Eurozone inflation dropped to a fresh five-year low in August, data showed on Friday, something likely to concern the European Central Bank but not force it into immediate policy action.
Consumer prices in the 18 countries using the euro rose by just 0.3 percent year-on-year in August, the smallest increase since October 2009, the European Union’s statistics office Eurostat said.
The number matched market expectations. The ECB targets an inflation rate at below-but-close to 2 percent over the medium term, a level not seen since the first quarter of 2013. It also considers anything below 1 percent over time to be in a “danger zone.”
Inflation moving ever closer toward zero, a stagnating economy, a double-digit unemployment rate and increasing signs of reform fatigue among eurozone governments are posing a tough challenge for the ECB that it says it cannot solve alone.
In a landmark speech at a central banker gathering in Jackson Hole last week, ECB President Mario Draghi said it would be “helpful for the overall stance of policy” if fiscal policy could play a greater role alongside the ECB’s monetary policy.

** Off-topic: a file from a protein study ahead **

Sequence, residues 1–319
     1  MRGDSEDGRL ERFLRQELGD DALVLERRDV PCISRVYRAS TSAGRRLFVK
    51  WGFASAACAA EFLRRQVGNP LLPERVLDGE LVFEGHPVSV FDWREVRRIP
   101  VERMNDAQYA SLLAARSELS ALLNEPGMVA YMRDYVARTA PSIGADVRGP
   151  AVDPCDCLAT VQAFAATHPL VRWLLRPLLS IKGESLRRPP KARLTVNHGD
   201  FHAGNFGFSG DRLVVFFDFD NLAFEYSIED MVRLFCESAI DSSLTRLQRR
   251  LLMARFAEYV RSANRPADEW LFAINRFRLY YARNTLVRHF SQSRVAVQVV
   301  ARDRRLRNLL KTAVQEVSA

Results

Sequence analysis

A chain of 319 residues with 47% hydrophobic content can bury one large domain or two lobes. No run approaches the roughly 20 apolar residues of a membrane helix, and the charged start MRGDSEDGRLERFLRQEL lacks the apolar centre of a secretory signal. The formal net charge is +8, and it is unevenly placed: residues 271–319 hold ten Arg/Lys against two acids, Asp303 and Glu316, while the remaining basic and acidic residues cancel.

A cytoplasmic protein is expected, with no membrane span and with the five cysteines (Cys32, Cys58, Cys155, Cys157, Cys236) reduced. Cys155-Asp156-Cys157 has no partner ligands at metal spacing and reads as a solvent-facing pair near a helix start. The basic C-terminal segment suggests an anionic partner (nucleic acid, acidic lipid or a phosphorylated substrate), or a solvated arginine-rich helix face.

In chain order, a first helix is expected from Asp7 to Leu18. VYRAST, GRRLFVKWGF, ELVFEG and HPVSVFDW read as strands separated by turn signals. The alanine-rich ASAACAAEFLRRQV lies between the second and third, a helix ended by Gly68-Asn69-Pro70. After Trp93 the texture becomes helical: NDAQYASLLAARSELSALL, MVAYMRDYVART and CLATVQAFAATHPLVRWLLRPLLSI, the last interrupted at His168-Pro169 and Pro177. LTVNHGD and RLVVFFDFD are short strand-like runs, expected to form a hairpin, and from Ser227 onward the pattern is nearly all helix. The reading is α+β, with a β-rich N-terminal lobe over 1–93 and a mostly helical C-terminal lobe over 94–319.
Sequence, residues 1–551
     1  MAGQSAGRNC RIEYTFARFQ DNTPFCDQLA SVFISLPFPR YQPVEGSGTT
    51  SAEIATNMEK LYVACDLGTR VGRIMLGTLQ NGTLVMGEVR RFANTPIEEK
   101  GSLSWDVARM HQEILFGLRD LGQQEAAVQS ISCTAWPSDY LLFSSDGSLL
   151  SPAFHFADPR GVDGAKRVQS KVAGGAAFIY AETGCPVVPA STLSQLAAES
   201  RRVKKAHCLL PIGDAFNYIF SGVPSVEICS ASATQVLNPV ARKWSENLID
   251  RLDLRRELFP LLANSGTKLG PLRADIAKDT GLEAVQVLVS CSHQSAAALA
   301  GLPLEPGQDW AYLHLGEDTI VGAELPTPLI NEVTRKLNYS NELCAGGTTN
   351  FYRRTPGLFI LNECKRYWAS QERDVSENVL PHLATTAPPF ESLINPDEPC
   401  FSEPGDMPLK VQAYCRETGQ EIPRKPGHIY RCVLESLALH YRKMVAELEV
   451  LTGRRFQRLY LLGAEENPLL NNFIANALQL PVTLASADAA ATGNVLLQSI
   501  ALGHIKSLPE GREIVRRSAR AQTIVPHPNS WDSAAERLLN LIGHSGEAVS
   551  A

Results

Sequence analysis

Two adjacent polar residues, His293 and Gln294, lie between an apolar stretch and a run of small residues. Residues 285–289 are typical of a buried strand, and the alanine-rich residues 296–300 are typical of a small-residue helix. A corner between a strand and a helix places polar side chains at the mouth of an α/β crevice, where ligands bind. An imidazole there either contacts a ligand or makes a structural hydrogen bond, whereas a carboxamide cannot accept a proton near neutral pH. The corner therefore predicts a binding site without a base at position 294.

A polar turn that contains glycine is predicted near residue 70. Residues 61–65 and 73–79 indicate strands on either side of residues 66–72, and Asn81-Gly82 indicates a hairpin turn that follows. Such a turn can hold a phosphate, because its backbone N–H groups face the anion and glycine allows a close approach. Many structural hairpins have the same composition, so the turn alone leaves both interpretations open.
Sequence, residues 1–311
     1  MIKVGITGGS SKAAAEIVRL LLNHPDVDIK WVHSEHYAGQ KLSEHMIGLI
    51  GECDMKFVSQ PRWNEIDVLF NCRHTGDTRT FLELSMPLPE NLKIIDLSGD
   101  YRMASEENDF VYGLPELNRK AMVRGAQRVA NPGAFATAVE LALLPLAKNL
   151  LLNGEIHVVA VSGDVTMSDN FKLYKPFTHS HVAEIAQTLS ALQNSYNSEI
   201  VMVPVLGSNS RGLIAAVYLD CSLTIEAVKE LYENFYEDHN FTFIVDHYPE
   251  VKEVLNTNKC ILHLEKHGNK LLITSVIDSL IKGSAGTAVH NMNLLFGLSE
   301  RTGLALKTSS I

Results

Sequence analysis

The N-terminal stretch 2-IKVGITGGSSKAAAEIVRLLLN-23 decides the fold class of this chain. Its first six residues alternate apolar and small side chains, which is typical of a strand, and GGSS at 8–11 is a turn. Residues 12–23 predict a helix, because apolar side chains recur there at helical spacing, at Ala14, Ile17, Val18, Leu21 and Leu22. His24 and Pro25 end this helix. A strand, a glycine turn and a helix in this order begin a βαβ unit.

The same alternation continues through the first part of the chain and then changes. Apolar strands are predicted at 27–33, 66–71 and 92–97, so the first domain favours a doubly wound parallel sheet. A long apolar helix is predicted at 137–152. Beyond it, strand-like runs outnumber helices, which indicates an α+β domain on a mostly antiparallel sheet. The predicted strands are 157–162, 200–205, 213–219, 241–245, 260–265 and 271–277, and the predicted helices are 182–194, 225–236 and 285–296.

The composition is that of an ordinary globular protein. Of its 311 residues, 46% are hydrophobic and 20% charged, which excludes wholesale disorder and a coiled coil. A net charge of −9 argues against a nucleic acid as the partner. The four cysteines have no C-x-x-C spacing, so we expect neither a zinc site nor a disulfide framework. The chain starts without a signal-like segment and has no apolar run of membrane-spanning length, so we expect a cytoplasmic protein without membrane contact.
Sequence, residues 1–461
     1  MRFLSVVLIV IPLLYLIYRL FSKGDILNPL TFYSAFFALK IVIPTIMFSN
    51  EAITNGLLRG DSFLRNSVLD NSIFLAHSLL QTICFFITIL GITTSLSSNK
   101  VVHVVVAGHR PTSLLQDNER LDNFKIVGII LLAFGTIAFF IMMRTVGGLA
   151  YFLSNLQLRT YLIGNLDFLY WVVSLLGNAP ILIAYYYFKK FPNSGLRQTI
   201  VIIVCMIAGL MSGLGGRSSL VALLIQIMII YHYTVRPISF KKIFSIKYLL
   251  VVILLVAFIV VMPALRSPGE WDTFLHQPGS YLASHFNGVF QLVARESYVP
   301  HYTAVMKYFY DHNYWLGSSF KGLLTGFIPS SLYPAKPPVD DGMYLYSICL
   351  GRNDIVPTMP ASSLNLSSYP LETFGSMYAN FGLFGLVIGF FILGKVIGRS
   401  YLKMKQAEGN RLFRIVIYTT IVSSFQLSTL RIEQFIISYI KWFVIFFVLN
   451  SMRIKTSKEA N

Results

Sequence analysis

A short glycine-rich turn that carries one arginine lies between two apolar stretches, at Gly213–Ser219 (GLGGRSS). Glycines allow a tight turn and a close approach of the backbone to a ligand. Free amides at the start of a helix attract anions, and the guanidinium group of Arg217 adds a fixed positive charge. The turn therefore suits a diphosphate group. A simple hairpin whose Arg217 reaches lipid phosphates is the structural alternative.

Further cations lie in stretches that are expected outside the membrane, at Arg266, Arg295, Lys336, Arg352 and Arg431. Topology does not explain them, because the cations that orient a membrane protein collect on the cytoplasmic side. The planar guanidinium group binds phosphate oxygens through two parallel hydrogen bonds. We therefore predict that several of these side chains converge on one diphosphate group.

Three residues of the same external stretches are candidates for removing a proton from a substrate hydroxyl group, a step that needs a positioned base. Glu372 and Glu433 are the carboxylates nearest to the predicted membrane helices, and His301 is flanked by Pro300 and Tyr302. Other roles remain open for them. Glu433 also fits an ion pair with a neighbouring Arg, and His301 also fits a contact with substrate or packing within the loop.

He got backing on Thursday from German Finance Minister Wolfgang Schaeuble, who told Bloomberg that monetary policy could only buy time and had run out of tools, calling instead for more investment without running excessive deficits.
Others believe the ECB should do more to stimulate growth.
“This is yet another bad indicator of the health of the eurozone economy,” said Aberdeen Asset Management Investment Manager Luke Bartholomew. “We are now relying on Draghi the politician not Draghi the economist to get Europe out of this mess. He is walking a tightrope between conservative European institutions and the markets’ desire for more stimulus. But as every month passes we get closer to the dread of deflation and Draghi looks more and more like Nero fiddling while Rome burns.” [Reuters]